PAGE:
In the January 11, 2018 decision, federal judge Marianne O. Battani ruled that the MHSAA, like other state activity and athletic associations, is governed by the law of voluntary associations and that member schools are legally obligated to abide by regulations duly enacted through proper association procedures. She also found that Kithier did not have a constitutional right to play for Clarkston, basing that part of her decision on a long history of judicial precedents establishing the principle that participation in extracurricular activities, including interscholastic sports, is a privilege, not a legally enforceable constitutional guarantee. Judge Battani also addressed the argument asserted by the Kithier family that Thomas’ transfer was solely for academic reasons – to take a math class and a media class at Clarkston with content allegedly unavailable in any courses at Dakota – by stating that if academic motivations were truly the sole incentive for the transfer, then Thomas had suffered no harm because he was allowed to attend Clarkston and thus had access to the curricular benefits being claimed as the reason for his transfer.
On February 1, 2018, the Kithier family, in a tacit acknowledgement that it had no viable legal grounds for further appeal, withdrew its lawsuit, thus bringing the case to a conclusion.
Other Recent Cases Addressing State Association Power
On November 23, 2016, in Fenwick High School v. Illinois High School Association, a state court judge in Illinois rejected a legal challenge by a high school that it be allowed to advance to the Class 7A state championship football game because a referee’s mistake resulted in a loss in a state semifinal game. Fenwick High School led 10-7 with four seconds remaining in the game when its quarterback, on fourth down from its own 15-yard line, threw the ball high and deep down the field to run out the clock, but was penalized for intentional grounding. The referees incorrectly awarded its opponent, Plainfield North High School, with a 10-yard penalty and an untimed down which was used to kick a game-tying field goal to force overtime. Fenwick scored a touchdown and extra point to go up 17-10, but Plainfield North responded with a touchdown and two-point conversion to win 18-17.
The IHSA later issued a statement acknowledging that the rules specify that a loss-of-down penalty, such as intentional grounding, that occurs as time expires, shall not lead to an untimed play. Three days after the game, the IHSA Board of Directors decided that it did not have the authority to overturn bylaw 6.033, which states “the decisions of game officials shall be final; protests against the decision of a game official shall not be reviewed by the Board of Directors.” The bylaw originally was enacted by a vote of all IHSA member schools – including Fenwick – and, according to the association’s rule-making procedures, the Board did not have the power to discretionarily choose to disregard the regulation. In announcing the decision, the judge expressed empathy for the Fenwick players and community, but stated “Here, as on the playing field, one side wins and one side loses.”
In February 2016, the Indiana Court of Appeals upheld the authority of the Indiana High School Athletic Association to follow the rules enacted by all of its member schools that resulted in penalties on Hammond High School and Griffith High School, including a double forfeit, cancellation of remaining regular-season games, and a bar on state tournament participation, because of a fight during a basketball game between the two schools that escalated into a melee involving players, coaches, parents and fans.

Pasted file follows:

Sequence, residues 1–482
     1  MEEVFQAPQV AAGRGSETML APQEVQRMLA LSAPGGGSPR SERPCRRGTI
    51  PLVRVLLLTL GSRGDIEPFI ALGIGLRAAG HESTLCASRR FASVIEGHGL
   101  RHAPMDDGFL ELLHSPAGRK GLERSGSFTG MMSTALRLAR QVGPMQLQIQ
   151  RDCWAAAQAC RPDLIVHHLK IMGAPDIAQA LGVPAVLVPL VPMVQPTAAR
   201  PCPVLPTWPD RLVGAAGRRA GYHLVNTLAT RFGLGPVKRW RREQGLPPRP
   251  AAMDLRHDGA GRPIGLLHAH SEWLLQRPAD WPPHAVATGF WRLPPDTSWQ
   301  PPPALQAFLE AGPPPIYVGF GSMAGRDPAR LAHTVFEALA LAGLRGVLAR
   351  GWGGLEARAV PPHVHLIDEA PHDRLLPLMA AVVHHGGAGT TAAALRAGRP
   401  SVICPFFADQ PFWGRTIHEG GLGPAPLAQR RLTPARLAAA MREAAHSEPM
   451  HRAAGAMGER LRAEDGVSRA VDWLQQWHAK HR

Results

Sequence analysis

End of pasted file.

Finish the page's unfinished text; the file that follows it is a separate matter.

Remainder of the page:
In November 2016, the Alabama Supreme Court upheld the authority of the Alabama High School Athletic Association to, pursuant to rules enacted by all of its member schools, including the affected institution, eliminate Washington County High School from the state football playoffs for using an ineligible player in its first-round win, a legal challenge that had resulted in a postponement of the second round of the playoffs.
In October 2015, a state trial court judge upheld the authority of the New York State Public High School Athletic Association to, pursuant to a rule establishing a minimum number of regular-season games for an athlete to be eligible for the postseason, enforce a football playoff game forfeiture against Aquinas High School for using an ineligible player.
And in November 2015, a state trial court judge upheld the authority of the Oklahoma Secondary School Activities Association to, pursuant to bylaws enacted by all of its member schools, enforce the disputed outcome of a football playoff game in which referees incorrectly negated a Douglas High School touchdown, resulting in a win for its opponent Locust Grove.
In its written opinion, although acknowledging the unfairness of a bad call potentially impacting the outcome of an athletic contest, the court stated, “[m]ore tragic, however, would be for this Court to assert itself in this matter. While mindful of the frustrations of the young athletes who feel deprived by the inaction of the [OSSAA], it borders on the unreasonable and extends far beyond the purview of the judiciary to think this Court more equipped or better qualified to decide the outcome or any portion of a high school football game. Courts ought not meddle in these activities or others, especially when [the Oklahoma City Public Schools and Douglas] have agreed to be bound by and have availed themselves to the governance of the [OSSAA]. The court continued, “There is neither statute nor case law allowing this Court discretion to order the replaying of a high school football game ... [t]he pursuit of further judicial action would result in the frustration of the world of athletics as we know it. This slippery slope of resolving athletic contests in court would inevitably usher in a new era of robed referees and meritless litigation due to disagreement with or disdain for decisions of game officials.”
Lee Green is an attorney and Professor Emeritus at Baker University in Baldwin City. Kansas, where for 30 years he taught courses in sports law, business law and constitutional law. He is a member of the High School Today Publications Committee. He may be contacted at Lee.Green@BakerU.Edu.